Porting a PySide based level editor to Godot?

Hi All,

I am new to Godot Engine - just messed around with it a couple of years ago (v3.1) and loved pretty much everything about it. However as I’ve been busy with another project, I could not dedicate my time to learn Godot so far.
However now I consider moving my project from PySide6 and Qt3D to Godot. The thing I’ve been working on with another friend is a modern level editor for some old game series. It’s a pretty old stuff - late 90’s, Quake-like technology - BSP level geometry, light maps, vertex shading for objects, some sort of portal based visibility culling etc… Mind you - we plan to create editor primarily - not re-create the game engine itself with all the gameplay mechanics. The level build and gameplay will be still performed by using the original editor.

Since scrapping a few years of work and starting from scratch (or almost from scratch) is never an easy idea, I’d like to get some feedback on what’s possible with Godot and where we would potentially experience challenges. Here are some most important areas we need to cover:

1. Python support.
Our project has been written with Python - it has a back-end library for reading and writing the proprietary file formats and a front-end, which uses PySide6 with Qt3d. We would like to keep the former, so we don’t have to re-write the core business logic. I know there is a Python plugin for Godot 3.5, but it has not been ported to Godot 4 and may not be for another while. There may be alternatives. How difficult would it be to integrate Python into Godot, so I can use my libraries? And would it possible to mix and match Python with GDScript and/or C#? How difficult would it be to have a custom Script Editor running Python scripts, inside Godot runtime? (We’d like to give ability to script stuff, like it is in other 3D applications, like Blender or Maya).

2. Lightmaps
We will be reading lightmaps from the original files and generally we can use the original editor (as a sub-process) to build the mission and re-calculate all the lighting. But I would also like at some point use the Godot’s lightmap baker, as it offers superior quality. Is it possible to bake lightmaps at runtime? I don’t mind it taking a long time - after all, we’re making an editor - not the game itself, so waiting is expected.

3. File system access
From what I have seen so far, there should not be a problem to access any arbitrary files on a local file system, but please let me know if there are any restrictions for the Godot apps to access the files on the disk. (similarly to the way browsers have restrictions).

4. OS interactions
Can I spawn processes with Godot? We’d need to do that to launch original editor for map processing and game testing.

5. UI
Coming from Qt/PySide - how does Godot’s UI compares to it? I’ve read extremely mixed opinions. Godot Editor running on Godot Engine itself proves it’s well capable, but is everything that the Editor can do possible to do at runtime as well?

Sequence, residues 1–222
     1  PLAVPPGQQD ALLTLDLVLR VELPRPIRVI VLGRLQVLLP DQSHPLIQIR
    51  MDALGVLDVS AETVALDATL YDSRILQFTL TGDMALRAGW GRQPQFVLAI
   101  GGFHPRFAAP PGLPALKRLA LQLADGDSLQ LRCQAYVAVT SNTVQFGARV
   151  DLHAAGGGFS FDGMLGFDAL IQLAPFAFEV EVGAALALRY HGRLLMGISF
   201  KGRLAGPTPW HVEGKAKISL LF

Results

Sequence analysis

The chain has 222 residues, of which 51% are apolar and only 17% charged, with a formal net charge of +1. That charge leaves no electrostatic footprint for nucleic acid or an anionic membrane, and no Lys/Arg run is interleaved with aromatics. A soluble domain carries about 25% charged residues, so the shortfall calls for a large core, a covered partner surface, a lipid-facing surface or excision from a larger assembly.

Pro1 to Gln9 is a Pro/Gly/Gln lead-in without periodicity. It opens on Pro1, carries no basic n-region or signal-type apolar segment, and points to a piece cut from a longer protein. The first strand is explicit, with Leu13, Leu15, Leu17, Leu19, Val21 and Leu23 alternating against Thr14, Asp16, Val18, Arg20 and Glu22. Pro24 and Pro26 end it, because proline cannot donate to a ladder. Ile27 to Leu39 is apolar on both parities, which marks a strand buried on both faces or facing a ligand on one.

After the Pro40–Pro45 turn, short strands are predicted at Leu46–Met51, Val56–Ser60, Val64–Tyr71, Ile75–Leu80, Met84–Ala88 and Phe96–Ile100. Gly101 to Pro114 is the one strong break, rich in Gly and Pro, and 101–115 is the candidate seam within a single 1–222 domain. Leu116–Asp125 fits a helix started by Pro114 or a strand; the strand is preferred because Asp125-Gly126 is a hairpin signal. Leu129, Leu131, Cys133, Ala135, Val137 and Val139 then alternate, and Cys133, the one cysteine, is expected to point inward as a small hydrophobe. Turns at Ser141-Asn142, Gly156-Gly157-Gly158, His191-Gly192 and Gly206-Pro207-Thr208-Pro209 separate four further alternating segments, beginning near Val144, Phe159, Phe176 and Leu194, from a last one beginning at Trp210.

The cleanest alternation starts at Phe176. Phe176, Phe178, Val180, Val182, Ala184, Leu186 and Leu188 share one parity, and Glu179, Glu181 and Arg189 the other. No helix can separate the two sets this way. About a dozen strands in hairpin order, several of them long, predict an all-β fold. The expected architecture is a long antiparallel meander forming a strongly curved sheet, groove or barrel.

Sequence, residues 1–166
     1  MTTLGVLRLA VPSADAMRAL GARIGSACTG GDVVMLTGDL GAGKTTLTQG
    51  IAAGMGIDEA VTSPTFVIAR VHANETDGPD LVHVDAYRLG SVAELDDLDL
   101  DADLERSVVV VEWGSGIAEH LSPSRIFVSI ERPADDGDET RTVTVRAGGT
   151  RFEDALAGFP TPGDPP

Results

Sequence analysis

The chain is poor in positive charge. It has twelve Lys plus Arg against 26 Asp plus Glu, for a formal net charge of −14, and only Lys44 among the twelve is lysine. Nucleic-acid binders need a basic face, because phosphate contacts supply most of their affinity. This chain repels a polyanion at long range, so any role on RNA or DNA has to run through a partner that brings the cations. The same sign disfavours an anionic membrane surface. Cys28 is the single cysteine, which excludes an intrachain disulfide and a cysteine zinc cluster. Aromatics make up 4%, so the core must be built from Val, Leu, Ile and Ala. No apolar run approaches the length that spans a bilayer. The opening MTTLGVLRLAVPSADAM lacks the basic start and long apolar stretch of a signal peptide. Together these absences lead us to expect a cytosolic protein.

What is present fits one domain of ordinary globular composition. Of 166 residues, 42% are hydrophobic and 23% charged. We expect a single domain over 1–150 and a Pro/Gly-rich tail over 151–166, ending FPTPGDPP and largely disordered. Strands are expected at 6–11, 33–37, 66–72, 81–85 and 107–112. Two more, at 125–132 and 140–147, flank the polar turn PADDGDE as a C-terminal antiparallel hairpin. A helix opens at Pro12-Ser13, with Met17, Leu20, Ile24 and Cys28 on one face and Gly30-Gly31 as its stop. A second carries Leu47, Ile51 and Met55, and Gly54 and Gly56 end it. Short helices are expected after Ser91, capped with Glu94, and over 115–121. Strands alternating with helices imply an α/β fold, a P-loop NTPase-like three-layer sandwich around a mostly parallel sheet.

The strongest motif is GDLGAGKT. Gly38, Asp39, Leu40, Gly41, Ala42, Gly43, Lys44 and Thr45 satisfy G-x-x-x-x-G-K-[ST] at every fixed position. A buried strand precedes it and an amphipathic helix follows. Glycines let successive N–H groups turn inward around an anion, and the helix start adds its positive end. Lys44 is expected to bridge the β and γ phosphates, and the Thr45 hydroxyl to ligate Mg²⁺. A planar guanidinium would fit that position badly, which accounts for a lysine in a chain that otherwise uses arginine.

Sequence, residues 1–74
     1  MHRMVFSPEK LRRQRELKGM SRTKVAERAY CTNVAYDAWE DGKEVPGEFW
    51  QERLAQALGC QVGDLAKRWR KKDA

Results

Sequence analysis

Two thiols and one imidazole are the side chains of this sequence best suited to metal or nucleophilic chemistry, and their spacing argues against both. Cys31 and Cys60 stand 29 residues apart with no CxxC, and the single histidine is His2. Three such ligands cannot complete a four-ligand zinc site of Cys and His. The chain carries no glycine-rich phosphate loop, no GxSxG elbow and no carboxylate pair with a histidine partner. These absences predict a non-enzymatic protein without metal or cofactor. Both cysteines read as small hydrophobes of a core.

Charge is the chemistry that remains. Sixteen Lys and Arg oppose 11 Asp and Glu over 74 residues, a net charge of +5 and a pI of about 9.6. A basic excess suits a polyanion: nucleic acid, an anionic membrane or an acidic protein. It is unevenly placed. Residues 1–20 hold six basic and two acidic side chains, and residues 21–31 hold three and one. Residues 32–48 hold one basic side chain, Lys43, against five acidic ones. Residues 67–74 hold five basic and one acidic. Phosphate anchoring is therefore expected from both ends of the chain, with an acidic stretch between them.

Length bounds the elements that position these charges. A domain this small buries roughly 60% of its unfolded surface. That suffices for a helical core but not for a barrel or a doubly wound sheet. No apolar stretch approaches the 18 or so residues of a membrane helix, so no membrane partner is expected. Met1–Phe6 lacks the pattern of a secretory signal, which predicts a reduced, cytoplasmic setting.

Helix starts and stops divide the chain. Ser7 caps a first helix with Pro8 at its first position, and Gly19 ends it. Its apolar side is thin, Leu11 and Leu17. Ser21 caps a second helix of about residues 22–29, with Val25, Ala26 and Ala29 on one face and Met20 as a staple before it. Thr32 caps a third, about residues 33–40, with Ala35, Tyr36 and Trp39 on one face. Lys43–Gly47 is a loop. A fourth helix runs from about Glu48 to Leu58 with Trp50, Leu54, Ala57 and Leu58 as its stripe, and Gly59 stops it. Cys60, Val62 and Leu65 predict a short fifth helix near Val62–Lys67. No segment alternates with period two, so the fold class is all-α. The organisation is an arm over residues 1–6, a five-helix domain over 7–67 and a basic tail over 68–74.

I might have more questions down the line, but that should do for a start.

I’d really appreciate answers, so we can make some informed decisions and maybe do this leap. I think using Godot would open up many possibilities for us, that are rather difficult to achieve with Qt3d.


  1. There is a (new) Python binding for Godot 4.2+, that you should try out: GitHub - maiself/godot-python-extension: Python language bindings for the Godot game engine

  2. It is possible to mix different languages in a project, e.g. you can use Godot nodes implemented in Python use from C# or GDScript and vice versa.

  3. I personally try to move away from Qt to Godot wherever possible. When you do a feature by feature comparison, you will probably find features in Qt that are not in Godot (yet), but in general my experience with Godot has been great in the past 6+ years including crazy things like integrating QML scenes into Godot, using Godot for Automotive AR … etc. In general: Godot is very flexible and easy to customize if you are willing to dig into it. It is also very well documented. It also has a much more business-friendly license.

  4. If you are building a level editor, my recommendation would be to extend the Godot Editor itself instead of starting an editor project from scratch. It already has a lot of the features that you would need in place, and you can just throw out what you don’t need + add what you need.

  5. OS interactions / File system access should work out of the box, as you would expect.

Kind regards,


Hi Gergely,

Thanks a lot for your responses. It’s good to hear it from a person experienced with Qt as well.

Re. 1. Wow - thanks for the link to that plugin - I didn’t realize there was another one. I’ll definitely give it a try.

Re. 3. Yeah, the documentation of Godot is where it shines indeed. Qt3d on the other hand has a terrible documentation, especially for Python. And the best examples one can get is how to create a sphere rotating around torus… Even though the 3d guy in our team achieved more than we’ve seen in any examples, there is still a lot of features lacking in Qt3d.

Re. 4. I see what you’re saying, but the editor is for some old game, which has its own folder structure, resources system, some different concepts and generally is not 1 to 1 compatible with Godot. There is an old and very out-dated editor available, which we want to replace, but also provide similar experience to make the transition easier. Adapting existing editor would create a confusing experience for and end user. That’s why I’d like to make the editor as a dedicated app, rather than the Godot Engine extension.